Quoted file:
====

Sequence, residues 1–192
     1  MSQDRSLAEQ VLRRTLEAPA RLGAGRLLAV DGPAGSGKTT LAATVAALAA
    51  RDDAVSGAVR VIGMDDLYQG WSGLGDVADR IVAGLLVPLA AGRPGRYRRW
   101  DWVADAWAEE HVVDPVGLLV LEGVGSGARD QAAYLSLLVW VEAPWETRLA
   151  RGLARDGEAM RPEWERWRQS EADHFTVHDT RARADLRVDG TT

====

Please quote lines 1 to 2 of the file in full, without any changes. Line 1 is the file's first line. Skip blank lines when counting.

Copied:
Sequence, residues 1–192
     1  MSQDRSLAEQ VLRRTLEAPA RLGAGRLLAV DGPAGSGKTT LAATVAALAA